Time had a significant effect on scores when controlling for reason; average scores on each subscale were higher at baseline than at 3 months and 12 months. At each time-point, patients endorsed ‘enhancement’ followed by ‘coping with unpleasant affect’ and ‘social motive’ more highly for their cannabis use than any other reason. ‘Conformity and acceptance’ followed closely. ‘Relief of positive symptoms and side effects’ was the least endorsed motive.
Patients endorsed their reasons for use at 3 months and 12 months less strongly than at baseline. Little support for the self-medication or alleviation of dysphoria models was found. Rather, patients rated ‘enhancement’ most highly for their cannabis use.
to examine the longitudinal effect of depression on glycemic control in a sample of patients with type 2 diabetes.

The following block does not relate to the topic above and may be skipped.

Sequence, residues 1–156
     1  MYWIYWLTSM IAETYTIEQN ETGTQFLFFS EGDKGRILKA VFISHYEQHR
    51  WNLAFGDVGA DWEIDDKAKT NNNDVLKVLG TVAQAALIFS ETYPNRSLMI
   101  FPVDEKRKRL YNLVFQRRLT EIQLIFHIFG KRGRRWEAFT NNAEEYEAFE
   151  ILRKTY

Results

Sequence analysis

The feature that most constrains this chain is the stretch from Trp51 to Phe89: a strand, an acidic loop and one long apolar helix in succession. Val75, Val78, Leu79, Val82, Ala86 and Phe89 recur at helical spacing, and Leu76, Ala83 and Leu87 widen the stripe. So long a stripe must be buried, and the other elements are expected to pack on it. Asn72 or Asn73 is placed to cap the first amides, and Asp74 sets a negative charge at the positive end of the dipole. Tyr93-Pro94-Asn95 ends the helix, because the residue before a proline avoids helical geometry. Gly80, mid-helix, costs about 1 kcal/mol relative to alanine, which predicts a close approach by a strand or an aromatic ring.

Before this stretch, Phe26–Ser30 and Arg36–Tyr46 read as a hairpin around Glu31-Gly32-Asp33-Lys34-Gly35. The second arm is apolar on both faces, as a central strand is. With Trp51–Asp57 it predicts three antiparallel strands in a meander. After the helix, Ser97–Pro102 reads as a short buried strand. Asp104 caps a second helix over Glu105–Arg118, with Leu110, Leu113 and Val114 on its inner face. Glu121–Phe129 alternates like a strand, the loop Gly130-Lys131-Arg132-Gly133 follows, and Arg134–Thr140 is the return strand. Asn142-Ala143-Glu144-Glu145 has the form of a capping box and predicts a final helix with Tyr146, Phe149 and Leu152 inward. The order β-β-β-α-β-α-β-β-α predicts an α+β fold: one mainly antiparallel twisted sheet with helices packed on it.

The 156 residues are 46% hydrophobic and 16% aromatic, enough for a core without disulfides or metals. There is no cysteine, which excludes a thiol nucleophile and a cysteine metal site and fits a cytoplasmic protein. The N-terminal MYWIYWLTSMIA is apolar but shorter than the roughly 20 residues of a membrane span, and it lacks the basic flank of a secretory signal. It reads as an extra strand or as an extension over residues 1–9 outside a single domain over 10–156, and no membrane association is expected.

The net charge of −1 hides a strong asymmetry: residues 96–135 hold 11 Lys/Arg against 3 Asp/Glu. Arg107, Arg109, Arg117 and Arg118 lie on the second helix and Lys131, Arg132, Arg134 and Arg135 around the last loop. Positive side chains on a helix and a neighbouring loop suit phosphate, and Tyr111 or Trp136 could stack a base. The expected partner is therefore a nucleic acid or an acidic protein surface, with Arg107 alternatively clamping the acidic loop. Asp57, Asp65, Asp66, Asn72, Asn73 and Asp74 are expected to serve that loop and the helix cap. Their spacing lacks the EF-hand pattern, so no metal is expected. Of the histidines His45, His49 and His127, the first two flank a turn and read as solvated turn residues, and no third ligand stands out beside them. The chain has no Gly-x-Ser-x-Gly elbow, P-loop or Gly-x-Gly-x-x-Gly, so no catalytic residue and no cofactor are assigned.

the patients were recruited from diabetes clinic in Saudi airlines medical center, in Jeddah, the base line study community consisted from 172 patients with type 2 diabetes. They were assessed for depression using BDI II, and diagnostic interview, and for diabetic control using HbA1c. We created a person-period data set for each patient to cover 6 months intervals up to 3 years. We used generalized estimation equation (GEE) for analysis of longitudinal data. HbA1C was the response variable while depression and time were the main covariates. Variables were included in GEE models based on clinical importance and preliminary analysis. Other variables included as covariates were gender, education, duration of diabetes, co-morbidity and LDL. All statistical analysis used α = 0.05 level of significance and were performed using SPSS software version 21.